- Shock or anger
- Feelings of frustration and/or helplessness
- Increased sense of vulnerability
- Loss of confidence
- Physical symptoms, such as inability to sleep or loss of appetite
- Psychosomatic symptoms, such as stomach pains or headaches
- Panic or anxiety about going to work
- Family tension and stress
- Inability to concentrate
- Low morale, productivity and motivation
What can you do if you are bullied in the workplace?
- Recognize the bullying is not your fault. It is the bully who has the problem, not you.
- Personal confrontations with the bully are almost never productive, especially if the bully is your boss.
- Check if your employer or union has a policy or complaint resolution procedure for workplace bullying.
- Watch who you talk to and what you share. Remain professional and do not give your bully any ammunition.
- Keep records about what happened—place, date, time, persons (both those involved and those present) and what was said or done. Ensure that your records are accurate. This information may be useful later, particularly if formal steps need to be taken.
- If any form of bullying happens to you and you feel safe and comfortable to do so, make it clear to the bully as soon as possible that the behaviour is unwanted and unacceptable and that you will not tolerate it. Silence allows the bully to continue intimidating you. If you don’t say something, the harassment may get worse.
- If the bully is your boss, and you choose to speak to him or her, Jennifer Olsen, chief executive officer of Resourceful HR, says she often “encourages the employee to confront the individual directly in a non-confrontational manner by stating some of their observations and perceptions. The tone should come across as non-threatening.” Talk to the individual in private.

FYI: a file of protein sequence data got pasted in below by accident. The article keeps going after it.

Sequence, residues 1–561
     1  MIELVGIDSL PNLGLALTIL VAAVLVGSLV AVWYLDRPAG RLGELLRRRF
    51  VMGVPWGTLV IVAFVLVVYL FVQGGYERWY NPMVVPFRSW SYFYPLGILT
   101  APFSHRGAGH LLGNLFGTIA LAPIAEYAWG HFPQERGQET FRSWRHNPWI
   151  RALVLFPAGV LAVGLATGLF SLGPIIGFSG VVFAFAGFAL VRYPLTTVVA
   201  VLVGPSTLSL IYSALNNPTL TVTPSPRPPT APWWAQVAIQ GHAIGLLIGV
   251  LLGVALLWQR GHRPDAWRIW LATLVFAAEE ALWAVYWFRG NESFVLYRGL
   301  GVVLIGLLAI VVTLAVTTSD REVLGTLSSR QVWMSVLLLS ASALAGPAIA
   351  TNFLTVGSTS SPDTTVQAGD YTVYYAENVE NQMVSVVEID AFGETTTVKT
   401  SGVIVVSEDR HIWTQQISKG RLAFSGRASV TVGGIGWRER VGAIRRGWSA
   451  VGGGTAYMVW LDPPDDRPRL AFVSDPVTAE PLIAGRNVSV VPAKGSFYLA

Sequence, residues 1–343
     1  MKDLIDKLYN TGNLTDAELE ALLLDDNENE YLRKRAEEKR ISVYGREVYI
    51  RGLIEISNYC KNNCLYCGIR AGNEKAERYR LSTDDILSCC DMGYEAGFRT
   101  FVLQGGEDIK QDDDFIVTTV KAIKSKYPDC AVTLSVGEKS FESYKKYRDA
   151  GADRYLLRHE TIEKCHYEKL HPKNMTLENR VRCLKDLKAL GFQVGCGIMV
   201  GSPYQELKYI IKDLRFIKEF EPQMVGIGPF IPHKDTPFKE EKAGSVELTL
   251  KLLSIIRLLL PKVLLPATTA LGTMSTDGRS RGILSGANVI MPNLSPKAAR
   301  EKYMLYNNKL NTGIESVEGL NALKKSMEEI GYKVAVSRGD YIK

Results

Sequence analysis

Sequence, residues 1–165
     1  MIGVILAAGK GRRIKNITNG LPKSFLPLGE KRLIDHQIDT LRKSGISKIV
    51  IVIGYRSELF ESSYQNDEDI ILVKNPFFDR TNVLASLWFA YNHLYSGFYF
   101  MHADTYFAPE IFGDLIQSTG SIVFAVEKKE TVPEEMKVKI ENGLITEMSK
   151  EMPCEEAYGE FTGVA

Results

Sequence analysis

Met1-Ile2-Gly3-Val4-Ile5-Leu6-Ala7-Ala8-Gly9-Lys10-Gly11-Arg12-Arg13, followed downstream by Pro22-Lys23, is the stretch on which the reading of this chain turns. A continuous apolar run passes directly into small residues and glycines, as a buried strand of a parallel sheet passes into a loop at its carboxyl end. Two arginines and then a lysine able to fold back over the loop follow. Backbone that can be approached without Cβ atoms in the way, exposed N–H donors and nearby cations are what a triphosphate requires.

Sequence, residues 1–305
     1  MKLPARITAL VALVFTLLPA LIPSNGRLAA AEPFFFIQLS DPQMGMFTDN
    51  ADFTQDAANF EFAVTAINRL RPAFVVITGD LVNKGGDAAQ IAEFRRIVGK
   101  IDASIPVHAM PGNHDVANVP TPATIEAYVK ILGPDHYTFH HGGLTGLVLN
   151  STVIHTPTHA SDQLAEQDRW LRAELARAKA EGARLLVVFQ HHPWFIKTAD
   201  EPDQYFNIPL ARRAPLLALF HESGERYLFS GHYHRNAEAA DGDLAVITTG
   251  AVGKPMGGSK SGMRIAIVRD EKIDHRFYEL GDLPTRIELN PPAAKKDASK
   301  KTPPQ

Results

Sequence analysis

- Talk to co-workers. Get support. It may be difficult to bully you if you are with others. Bullies often don’t want witnesses.
- Build your self-esteem and appear self-confident. Look professional, smile and talk to others with confidence. This is important for your mental health and it communicates to the bully that you are not a target.
- Do not share personal information with your bully. Bullies will use anything they can for power, including information you share with them.
- If nothing is done about the bully and the behaviour continues, recognize what you can change. Do you want to stay in this organization and continue to have your health deteriorate? Leaving is not easy, especially if you have been with the organization for a long time; however, is it worth the pain to stay?
- Once you have left the organization or the bully leaves, let go. The passion for revenge is often overwhelming, but no one wins. There is evidence that letting go has a very healing effect. Retaliation makes you like the bully. The best revenge is living a happy, healthy life.
- If you need help do not be afraid to talk to a mental health professional. This may help you put the bullying into perspective.
- There is a lot of information about bullying at work. Stephanie Goddard has a good reference called “101 Ways to Deal with a Pain in the Butt at Work.”
Please note that health information on this website is for educational purposes and is not intended to replace advice from your physician or other healthcare professionals.
 Newman, J, 2010. Confronting Violence in the Workplace: Bullies and the Bottom Line. http://www.hrvoice.org/confronting-violence-in-the-workplace-bullies-and-the-bottom-line/
 Namie, Gary and Ruth. Workplace Bullying Institute Definition, http://www.workplacebullying.org/individuals/problem/definition/
 Canadian Center for Occupational Health and Safety (2012) http://www.ccohs.ca/oshanswers/psychosocial/bullying.html
 Quest, L., http://www.forbes.com/sites/work-in-progress/2010/12/06/never-mind-co-worker-sabotage-what-if-im-dealing-with-a-bully-boss-part-one/
 Goddard, S. available at http://www.work-stress-solutions.com/about-stephanie-goddard.html as a free download.